About 10 years ago, while New Delhi’s diplomatic community in Chanakyapuri was right in the middle of preparations for Christmas, a European ambassador urgently summoned his deputy chief of mission to his office. The ambassador, a political appointee with little experience of diplomacy or protocol, asked his deputy to draft a message from him to the emperor of Japan. That day, December 23, was the emperor’s birthday, which is celebrated in Japan and in Japanese communities around the world, as national day. The ambassador in question had received an invitation from his Japanese counterpart and neighbour in Chanakyapuri to attend the festivities at Japan’s embassy in New Delhi. The European politician-turned-diplomat felt it was only appropriate that he should personally send a congratulatory cable or a letter to Emperor Akihito on that occasion. His deputy tried to explain to the ambassador that it was not his business to deal directly with the occupant of Chrysanthemum Throne, that what was required to be done at the Imperial Palace in Tokyo would be done by the ambassador’s counterpart in Japan. But the righteous envoy, full of self-importance, would not take the deputy’s advice.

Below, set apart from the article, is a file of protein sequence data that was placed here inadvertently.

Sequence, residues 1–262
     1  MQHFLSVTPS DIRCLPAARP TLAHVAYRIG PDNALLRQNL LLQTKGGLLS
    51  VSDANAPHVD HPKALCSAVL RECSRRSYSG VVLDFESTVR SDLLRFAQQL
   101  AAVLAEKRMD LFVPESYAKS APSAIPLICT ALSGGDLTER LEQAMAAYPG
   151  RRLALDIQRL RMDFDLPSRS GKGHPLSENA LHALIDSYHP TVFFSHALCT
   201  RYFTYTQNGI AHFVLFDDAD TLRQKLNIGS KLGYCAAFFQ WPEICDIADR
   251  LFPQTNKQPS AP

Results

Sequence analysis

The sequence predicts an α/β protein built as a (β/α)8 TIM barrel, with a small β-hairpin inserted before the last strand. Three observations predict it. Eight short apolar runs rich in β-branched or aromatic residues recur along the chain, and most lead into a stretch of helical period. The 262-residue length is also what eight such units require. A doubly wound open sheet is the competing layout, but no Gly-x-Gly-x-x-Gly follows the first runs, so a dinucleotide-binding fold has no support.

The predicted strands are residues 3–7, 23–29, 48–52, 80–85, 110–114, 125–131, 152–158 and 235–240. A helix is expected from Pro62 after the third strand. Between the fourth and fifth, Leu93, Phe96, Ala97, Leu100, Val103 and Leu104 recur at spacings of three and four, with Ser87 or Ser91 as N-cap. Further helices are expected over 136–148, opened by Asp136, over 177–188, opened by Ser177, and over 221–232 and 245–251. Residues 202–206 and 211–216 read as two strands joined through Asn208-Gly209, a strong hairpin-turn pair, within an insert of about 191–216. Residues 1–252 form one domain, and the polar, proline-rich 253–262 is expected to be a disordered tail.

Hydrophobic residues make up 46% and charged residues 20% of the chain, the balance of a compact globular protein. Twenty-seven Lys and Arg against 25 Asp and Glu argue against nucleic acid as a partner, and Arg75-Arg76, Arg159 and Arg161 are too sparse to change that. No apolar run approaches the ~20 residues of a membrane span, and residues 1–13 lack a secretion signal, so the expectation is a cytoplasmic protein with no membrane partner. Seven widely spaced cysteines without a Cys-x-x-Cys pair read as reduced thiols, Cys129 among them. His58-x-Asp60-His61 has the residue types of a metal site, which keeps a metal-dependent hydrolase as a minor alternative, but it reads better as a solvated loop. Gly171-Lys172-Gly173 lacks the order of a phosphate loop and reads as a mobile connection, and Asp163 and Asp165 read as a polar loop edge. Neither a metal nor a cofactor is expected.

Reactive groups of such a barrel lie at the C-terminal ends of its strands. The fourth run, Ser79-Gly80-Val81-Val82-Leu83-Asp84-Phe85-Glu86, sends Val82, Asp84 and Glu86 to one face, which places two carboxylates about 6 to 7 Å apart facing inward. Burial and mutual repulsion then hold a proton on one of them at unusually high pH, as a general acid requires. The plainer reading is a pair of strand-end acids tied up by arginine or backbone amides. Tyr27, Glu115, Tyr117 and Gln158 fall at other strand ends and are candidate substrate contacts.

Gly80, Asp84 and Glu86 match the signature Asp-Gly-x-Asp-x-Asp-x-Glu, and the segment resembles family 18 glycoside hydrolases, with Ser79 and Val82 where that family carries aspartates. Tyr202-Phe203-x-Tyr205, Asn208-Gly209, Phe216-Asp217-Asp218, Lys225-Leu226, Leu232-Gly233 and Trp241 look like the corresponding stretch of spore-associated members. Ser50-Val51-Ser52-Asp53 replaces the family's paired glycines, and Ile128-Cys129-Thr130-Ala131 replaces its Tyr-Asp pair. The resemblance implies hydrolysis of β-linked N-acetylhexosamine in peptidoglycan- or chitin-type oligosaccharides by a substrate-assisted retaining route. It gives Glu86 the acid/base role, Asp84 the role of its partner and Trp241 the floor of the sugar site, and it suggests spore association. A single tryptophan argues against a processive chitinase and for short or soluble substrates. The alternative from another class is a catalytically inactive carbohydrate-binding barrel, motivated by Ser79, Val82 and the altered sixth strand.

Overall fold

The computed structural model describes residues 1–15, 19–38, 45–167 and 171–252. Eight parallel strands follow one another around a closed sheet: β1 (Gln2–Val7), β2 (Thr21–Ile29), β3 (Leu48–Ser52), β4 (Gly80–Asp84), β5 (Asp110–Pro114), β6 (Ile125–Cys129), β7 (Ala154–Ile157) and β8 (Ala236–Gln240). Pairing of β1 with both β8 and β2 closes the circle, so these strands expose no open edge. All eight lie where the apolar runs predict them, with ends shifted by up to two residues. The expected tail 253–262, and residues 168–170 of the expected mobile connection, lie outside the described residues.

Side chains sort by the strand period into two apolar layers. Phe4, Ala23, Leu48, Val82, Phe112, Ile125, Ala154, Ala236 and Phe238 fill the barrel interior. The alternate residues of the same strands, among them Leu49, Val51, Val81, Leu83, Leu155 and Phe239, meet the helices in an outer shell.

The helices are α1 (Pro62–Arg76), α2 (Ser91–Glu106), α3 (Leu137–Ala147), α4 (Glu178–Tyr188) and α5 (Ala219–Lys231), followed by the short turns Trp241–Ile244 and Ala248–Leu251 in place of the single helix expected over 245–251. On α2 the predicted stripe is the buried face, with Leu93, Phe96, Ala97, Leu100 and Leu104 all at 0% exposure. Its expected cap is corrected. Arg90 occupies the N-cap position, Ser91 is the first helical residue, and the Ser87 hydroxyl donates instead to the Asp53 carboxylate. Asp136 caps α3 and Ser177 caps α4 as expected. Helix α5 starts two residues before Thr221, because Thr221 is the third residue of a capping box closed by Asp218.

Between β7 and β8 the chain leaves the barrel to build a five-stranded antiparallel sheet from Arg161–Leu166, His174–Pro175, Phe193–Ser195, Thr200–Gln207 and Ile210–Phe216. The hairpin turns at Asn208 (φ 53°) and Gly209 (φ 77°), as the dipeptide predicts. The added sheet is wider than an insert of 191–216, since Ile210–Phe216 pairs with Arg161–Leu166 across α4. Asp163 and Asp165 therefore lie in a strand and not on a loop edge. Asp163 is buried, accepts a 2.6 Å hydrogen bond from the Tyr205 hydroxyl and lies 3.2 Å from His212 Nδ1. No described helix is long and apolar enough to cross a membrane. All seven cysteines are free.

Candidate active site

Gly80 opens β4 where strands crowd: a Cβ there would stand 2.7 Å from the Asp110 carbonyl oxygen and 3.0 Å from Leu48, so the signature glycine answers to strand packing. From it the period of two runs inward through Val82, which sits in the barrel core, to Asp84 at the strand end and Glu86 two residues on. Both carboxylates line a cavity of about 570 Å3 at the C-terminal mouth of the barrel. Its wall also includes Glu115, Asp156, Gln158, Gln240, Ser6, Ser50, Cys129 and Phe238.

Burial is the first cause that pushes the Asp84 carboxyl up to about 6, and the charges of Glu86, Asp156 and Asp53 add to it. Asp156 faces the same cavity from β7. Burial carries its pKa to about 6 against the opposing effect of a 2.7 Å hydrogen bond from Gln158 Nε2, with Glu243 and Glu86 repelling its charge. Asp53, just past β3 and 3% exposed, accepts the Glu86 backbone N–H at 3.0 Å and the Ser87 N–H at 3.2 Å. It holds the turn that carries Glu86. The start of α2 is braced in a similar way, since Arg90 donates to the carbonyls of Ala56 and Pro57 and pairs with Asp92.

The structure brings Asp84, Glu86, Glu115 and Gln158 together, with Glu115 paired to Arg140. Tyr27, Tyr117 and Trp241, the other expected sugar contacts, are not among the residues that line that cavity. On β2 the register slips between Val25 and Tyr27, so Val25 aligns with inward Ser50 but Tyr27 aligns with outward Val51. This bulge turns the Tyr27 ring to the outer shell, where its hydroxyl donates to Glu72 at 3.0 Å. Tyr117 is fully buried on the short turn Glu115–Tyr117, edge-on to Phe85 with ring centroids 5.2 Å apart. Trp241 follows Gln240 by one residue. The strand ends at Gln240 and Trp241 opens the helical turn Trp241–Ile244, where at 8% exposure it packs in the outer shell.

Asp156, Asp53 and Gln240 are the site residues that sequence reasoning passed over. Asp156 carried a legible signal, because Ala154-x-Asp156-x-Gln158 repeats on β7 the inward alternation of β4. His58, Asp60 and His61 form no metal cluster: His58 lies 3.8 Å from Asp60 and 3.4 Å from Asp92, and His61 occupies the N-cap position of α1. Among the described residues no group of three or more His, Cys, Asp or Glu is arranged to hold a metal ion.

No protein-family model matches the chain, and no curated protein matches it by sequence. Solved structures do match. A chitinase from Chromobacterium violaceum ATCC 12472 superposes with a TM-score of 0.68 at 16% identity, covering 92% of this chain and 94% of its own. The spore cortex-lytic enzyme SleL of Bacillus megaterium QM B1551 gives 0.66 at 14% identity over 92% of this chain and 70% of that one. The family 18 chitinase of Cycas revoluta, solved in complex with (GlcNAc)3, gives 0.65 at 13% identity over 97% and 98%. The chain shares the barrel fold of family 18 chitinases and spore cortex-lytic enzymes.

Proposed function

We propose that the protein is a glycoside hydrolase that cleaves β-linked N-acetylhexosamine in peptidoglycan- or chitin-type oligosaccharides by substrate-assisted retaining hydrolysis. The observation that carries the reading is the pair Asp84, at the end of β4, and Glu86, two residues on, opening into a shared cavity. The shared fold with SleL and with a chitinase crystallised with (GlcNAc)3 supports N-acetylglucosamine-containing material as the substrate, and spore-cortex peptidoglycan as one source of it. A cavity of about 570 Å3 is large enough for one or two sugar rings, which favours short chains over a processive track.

Such behaviour among political appointees who assume diplomatic or constitutional offices is not unknown in India either. Kuldip Nayar, who was appointed high commissioner to Britain by V.P. Singh’s government, has admitted that he wanted to formally protest against Saddam Hussein’s execution of Farzad Bazoft, The Observer correspondent who was accused of spying for Israel and sentenced to death in a show trial a few months before Iraq’s invasion of Kuwait in 1990. Nayar’s deputy at India House in London told the high commissioner that not only was it none of his business but he also reminded him that India had excellent relations with Iraq, which could be affected by such an irrational act. But Nayar argued that it was a matter of his conscience and that as a journalist he had to protest against the injustice done to another journalist even though he had metamorphosed into an envoy to the court of St James.